The credibility of web content will be taken more into account in Google’s search algorithms to determine its position, not just that of inbound links
Would anyone really tell lies on the internet?
The answer is yes. Not only that, but given the chance they will push their unsubstantiated information all the way to the first position on page one of Google herself.
There is no shortage of fringe groups and whack-jobs online with an agenda to push.
As things have stood for a while, these types of dubious web pages have been able to rise to prominence on Google simply by gaming their main criteria of determining rank.
Just make a nice backlink profile referencing your wild delusions and the world’s your oyster.
The backlinking system stands on the principle that if a number of established websites are linking to your page, then it must be “good”.
On the face of it, this idea is almost overly simple and leaves the search results wide open to abuse and manipulation. However, it’s cheap computationally and generally produces reasonable results.
Google is now looking into more sophistication in the way that it processes its ranking algorithm.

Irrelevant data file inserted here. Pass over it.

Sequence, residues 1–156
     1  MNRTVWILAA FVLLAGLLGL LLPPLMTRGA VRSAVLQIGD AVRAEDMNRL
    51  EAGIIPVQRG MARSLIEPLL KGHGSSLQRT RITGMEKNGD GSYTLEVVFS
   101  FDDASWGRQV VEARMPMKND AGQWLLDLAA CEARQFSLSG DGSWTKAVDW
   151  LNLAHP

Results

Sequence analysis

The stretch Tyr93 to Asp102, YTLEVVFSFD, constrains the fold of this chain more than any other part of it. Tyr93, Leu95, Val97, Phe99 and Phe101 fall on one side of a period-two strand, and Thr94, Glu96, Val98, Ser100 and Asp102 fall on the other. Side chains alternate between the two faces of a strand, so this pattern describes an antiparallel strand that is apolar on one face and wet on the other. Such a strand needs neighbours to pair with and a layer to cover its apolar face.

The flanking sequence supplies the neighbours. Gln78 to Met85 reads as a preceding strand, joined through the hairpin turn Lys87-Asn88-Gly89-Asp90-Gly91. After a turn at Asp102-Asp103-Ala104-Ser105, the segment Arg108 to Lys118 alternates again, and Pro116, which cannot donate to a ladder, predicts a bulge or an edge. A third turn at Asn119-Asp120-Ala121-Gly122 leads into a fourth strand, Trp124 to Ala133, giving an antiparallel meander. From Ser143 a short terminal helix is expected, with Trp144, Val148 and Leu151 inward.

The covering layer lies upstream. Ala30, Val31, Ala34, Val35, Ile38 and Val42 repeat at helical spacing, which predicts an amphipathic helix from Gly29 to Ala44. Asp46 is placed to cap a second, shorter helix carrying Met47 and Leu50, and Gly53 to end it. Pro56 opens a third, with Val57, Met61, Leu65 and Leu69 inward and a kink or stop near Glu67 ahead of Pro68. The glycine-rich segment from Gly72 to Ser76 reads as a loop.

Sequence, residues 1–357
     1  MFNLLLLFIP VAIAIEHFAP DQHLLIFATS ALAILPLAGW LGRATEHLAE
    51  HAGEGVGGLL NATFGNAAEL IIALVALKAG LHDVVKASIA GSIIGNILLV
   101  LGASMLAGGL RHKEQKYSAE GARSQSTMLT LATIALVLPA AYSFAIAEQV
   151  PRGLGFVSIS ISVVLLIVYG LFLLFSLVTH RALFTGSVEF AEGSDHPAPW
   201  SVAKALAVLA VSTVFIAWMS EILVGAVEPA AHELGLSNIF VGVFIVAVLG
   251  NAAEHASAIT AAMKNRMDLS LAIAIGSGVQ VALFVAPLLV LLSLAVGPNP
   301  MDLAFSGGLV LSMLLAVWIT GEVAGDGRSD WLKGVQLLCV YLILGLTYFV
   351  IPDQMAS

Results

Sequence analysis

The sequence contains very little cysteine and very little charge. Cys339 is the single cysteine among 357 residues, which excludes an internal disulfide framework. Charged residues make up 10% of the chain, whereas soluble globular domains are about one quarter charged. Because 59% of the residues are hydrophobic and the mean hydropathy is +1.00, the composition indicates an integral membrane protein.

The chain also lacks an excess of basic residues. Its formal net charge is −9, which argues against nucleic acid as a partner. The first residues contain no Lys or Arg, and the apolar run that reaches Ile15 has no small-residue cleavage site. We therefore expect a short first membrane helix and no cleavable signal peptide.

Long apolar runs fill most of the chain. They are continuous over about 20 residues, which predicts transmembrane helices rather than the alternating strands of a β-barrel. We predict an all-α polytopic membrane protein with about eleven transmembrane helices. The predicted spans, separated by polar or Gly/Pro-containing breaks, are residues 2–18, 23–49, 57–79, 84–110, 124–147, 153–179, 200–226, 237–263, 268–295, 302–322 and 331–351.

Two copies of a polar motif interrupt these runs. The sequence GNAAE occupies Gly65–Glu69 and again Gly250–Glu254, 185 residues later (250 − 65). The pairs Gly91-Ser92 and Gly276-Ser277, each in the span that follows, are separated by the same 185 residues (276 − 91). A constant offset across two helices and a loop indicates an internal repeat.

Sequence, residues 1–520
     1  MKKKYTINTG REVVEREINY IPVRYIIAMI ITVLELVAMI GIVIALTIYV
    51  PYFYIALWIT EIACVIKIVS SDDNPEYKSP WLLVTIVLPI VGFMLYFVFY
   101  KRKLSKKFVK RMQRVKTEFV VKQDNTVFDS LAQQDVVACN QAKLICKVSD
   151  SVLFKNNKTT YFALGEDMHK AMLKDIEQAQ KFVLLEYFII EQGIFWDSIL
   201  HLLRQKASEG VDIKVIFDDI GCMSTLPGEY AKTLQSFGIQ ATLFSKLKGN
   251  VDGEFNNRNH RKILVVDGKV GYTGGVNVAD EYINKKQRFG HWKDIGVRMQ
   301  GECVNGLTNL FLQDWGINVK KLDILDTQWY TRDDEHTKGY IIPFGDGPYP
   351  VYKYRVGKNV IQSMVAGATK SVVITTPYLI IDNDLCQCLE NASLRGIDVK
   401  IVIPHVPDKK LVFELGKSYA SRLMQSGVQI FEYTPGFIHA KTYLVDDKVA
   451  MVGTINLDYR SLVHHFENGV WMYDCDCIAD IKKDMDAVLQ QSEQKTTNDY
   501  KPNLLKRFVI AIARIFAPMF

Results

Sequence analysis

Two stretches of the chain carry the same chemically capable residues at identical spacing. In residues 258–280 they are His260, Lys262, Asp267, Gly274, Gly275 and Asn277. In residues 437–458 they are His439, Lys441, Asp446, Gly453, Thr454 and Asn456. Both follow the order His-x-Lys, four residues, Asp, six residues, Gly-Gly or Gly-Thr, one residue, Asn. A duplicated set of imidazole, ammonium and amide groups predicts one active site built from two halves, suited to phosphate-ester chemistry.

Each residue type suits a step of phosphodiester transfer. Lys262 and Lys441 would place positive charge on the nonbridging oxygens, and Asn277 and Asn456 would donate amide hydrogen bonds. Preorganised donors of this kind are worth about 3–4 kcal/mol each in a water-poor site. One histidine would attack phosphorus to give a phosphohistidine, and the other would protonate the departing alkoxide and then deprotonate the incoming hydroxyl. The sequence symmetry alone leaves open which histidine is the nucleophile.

A research team within Google is developing a means to quantify the “trustworthiness” of a given piece of content. We can infer that the intention of this research is to gain the ability to use the metric in isolation of inbound links.
That doesn’t mean that Google will stop using backlinks in search algorithms, just that they will have an extra dimension to evaluate against a web page.
Put simply, Google will read the “facts” presented in content and count every “wrong” fact which will add up to a score. The fewer wrong facts Google finds, the higher the trustworthiness of the page, therefore the higher up the rankings it can go.
“Wrong” and “facts” are in quotes above because the question still hangs – how does Google know what a “right” or “wrong” fact is?
The answer is that Google maintains a gargantuan Knowledge Vault, which they got from…er…the internet. So we’re back to square one as to what is a “fact” on the internet, but these are facts that have unanimous agreement. Also, Google considers them to be facts, so that’s that.
Cynicism, you say that you detect? Well I never.